Margaret McLaren. Feminism, Foucault, and Embodied Subjectivity (SUNY Press, 2002)
Foucault, Feminism, and the Care of the Self: Lessons from Antiquity
Joanne Waugh, University of South Florida
In Feminism, Foucault, and Subjectivity, Margaret McLaren accomplishes her aims. She shows how “Foucault’s ideas about body, power, and subjectivity can provide important theoretical resources for feminism”—here and now at beginning of the 21st century. The most important of these resources is his conception of subjectivity as embodied and historically constituted. McLaren also addresses feminist critiques of these ideas, showing how useful the ideas that accompany his notion of subjectivity, viz., social criticism and political practices, can be for feminist theory. She does this by reading his later work in relation to what has been termed his “genealogical work,” seeing the former not as a departure but as a continuation of the latter, “as a continuation of his earlier project to think through a new conception of subjectivity that is embodied and manifests itself through practices. These practices both enable and constrain, but freedom is conceptualized and situated within material, institutional and disciplinary matrices.”1 Finally, she demonstrates how “his ideas and practices of the self can be applied to contemporary feminist practices.”2
Inasmuch as I agree with McLaren and applaud her project, attempting to find some major point on which I can criticize her seems a rather artificial, forced, and consequently, pointless exercise. I propose instead to contribute (or try to contribute, at any rate) to this project—perhaps even extend it—in the areas in which I can make a contribution. I begin by examining why the book is necessary and useful in feminist theory as articulated by English language feminists. In the process, I hope to show that much of their criticisms of Foucault result from mistaken notions of language and meaning, both as speech and texts, notions that underlie liberal feminism as well as the epistemological and ethical projects inspired by the Enlightenment. Finally, I will argue that Foucault’s return to the ideas of Classical Antiquity in his later work proves to be corrective of these Enlightenment concepts, and as such is not only essential for “his project to think through a new conception of subjectivity that is embodied and manifests itself through practice” but is also valuable for the project(s) of contemporary feminist philosophy.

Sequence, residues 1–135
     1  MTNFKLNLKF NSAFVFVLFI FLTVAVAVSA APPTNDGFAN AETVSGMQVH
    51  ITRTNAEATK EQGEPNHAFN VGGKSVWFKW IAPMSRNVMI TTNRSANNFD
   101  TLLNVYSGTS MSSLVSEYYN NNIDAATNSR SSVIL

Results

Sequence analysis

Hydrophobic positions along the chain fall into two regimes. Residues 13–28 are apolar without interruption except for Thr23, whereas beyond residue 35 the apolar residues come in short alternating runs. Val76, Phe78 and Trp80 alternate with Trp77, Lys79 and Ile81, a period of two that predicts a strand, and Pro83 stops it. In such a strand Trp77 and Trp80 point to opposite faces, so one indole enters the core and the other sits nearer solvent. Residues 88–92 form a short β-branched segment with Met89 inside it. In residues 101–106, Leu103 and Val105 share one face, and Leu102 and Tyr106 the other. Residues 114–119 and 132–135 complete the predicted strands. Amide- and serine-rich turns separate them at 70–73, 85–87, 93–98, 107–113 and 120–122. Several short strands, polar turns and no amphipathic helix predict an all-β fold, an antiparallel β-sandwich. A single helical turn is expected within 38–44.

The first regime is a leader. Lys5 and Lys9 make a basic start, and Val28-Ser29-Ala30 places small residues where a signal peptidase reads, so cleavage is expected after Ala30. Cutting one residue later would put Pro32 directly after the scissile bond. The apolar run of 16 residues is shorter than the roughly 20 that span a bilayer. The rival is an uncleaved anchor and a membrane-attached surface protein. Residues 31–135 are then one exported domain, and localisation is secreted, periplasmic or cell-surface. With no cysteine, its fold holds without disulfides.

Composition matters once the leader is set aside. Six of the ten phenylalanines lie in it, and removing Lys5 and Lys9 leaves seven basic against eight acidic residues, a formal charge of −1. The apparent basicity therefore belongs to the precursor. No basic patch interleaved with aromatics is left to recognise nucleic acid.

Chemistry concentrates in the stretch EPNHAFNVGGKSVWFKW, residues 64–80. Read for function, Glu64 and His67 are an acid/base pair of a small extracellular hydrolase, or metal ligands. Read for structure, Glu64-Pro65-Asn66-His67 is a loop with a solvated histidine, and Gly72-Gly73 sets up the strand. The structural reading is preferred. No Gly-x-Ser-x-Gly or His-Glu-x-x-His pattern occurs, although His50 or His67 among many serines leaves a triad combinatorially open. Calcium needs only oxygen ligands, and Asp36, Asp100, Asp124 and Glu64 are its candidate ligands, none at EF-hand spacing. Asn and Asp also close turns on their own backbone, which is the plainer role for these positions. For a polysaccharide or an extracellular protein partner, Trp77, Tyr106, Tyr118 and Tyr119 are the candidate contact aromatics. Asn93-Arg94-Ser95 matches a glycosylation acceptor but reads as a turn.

Despite the number of books in English devoted to Foucault, it seems that for common sense Anglo-American philosophers there is still a need for accounts of his work in clear, no- nonsense, straightforward English. It seems that French poststructuralist philosophy, for which the sobriquet Foudada was coined, continues to elude their grasp as does German hermeneutic philosophy and critical theory, known as “Gadamermas,” though the latter is more accessible than the former. McLaren presents Foucault’s thought in clear, straightforward prose, taking care to tell her audience what she will say, saying it, and then telling them what she said. Philosophers in the Continental European tradition, as well as more literary-minded philosophers in the English- language tradition, might object to this no-nonsense style, for Foucault, Derrida and other poststructuralists believe that the way they write is conducive to, if not necessary for understanding the points they are trying to make. But there is no question that for common sense Anglo-American philosophers, McLaren’s style is a virtue, for they need or want a translation of poststructuralist thought into terms they can understand. That this very need or desire may prove an obstacle to the understanding they seek is not an observation that their view of philosophy and philosophical writing easily permits. That McLaren can provide such a translation is a testament to her command of both the Continental European and Anglo-American philosophical traditions. That she must do I take as indicating that the view of speech and texts still dominant among English language philosophers is problematic. It is this problematic view of speech and texts that Foucault is trying to combat, as indeed are Derrida, Kristeva, and Irigary, though by different means and by different discourses. Derrida had made the point that written language, and not speech, has been the model for dominant conceptions of language in the Western tradition, despite the fact that philosophical writing has disguised the fact that it is a form of writing. Notoriously, Derrida does this in “Plato’s Pharmacy,” where he cites Socrates’ remarks about writing as evidence of philosophy’s appearing to privilege speech over texts.